Wednesday, 14 December 2016

Part 3


For the run up to the Great North Swim we swam at a couple of lakes, gaining in confidence and experience. Unfortunately as the date neared it became obvious that Shark wouldn't be able to swim with me as she needed surgery for a non skiing skiing accident (happened whilst on a skiing holiday but not from actually skiing. She is adamant that no alcohol was involved, but I'm yet to be convinced). Shark managed some training with me by using a pull buoy, however I realised that the majority of my open water training would be by myself from then on in. I have to confess, and this won't be news to Shark, is that my concern should have been for her, and a speedy recovery, however it wasn't, you see the thing about swimming with someone else is that if there are any hungry livestock in the water, by having two of you in the water at the same time you've halved your odds of it being you already! Or that was my theory.

With a month to go I could swim a mile in a pool with relative ease, but had yet to do it in a lake. So one sunny Sunday afternoon I took my family to a lake that I'd swim at once before and asked them to watch me from the side. Whilst I was busy concentrating on an encounter free swim (although how I would know would be a mystery as I swam the whole way with my eyes closed when I was under the water), turns out that my kids had been fending off the advances of one angry mother of a swan. They had retreated to the safety of the car (don't blame them) with their phones, and left me to it. If I had been eaten alive I'm not sure how long they would have left it before raising the alarm, although I suspect it would have been when one of three things occurred: they grew hungry, it got dark or their batteries ran out. I'll wager it would be the latter... I so wanted the photographic evidence for Shark and for my JustGiving page but when we looked back at the two photos they did take one was of my son's leg and the other a gravel path as they made a hasty retreat, and there was no way I was getting back in to recapture the moment,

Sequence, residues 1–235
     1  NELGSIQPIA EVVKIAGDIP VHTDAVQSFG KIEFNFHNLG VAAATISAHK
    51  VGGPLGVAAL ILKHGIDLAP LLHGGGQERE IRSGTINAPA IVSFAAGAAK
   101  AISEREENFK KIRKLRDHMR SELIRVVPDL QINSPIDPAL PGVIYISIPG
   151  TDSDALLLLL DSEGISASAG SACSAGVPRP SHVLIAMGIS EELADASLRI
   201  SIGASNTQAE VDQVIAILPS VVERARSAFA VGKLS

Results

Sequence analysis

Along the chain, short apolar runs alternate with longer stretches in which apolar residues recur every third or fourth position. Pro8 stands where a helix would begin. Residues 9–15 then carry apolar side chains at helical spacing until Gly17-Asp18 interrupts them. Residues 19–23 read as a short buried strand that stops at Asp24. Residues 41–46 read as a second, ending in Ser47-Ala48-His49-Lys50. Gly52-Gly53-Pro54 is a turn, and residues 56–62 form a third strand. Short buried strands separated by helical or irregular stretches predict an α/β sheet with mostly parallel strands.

Before the swim I heard a lot from all the non swimmers. Some offering good wishes, some words of wisdom, my favourite from the guys at swimyourswim, which was exactly that- swim your swim, and others a few horror stories. It was the stuff of myth and legend. One friend advised me to be careful of The Mallard. I'd been so distracted worrying about the stuff under me that I'd not considered there'd be angry ducks too. After realising the it was singular rather than mallards I made further enquiries. As it happens The Mallard is the ferry that goes from the east to the west shores and would be nowhere near the swim. My mind once again had been running away with me. I needed to get a grip.

The before...
The day of the swim arrived, and was amazing. I swam in the knowledge that there were 299 other swimmers in the lake with me, and that many limbs meant for sure that my odds were the best they'd ever been for getting out in tact, and the only thing I needed to worry about was a nasty elbow nudge, that didn't even bruise me (it waranted a massive one by the way).

I felt amazing having done it, and most importantly I had raised almost £2,200 for The Teenage Cancer Trust. It took me over 30 minutes to swim that mile, and as I had committed to swim again the following year with my son and Shark, I set me stall out to be sub 30 minutes the following year and at the time having no idea what lie ahead the following year...


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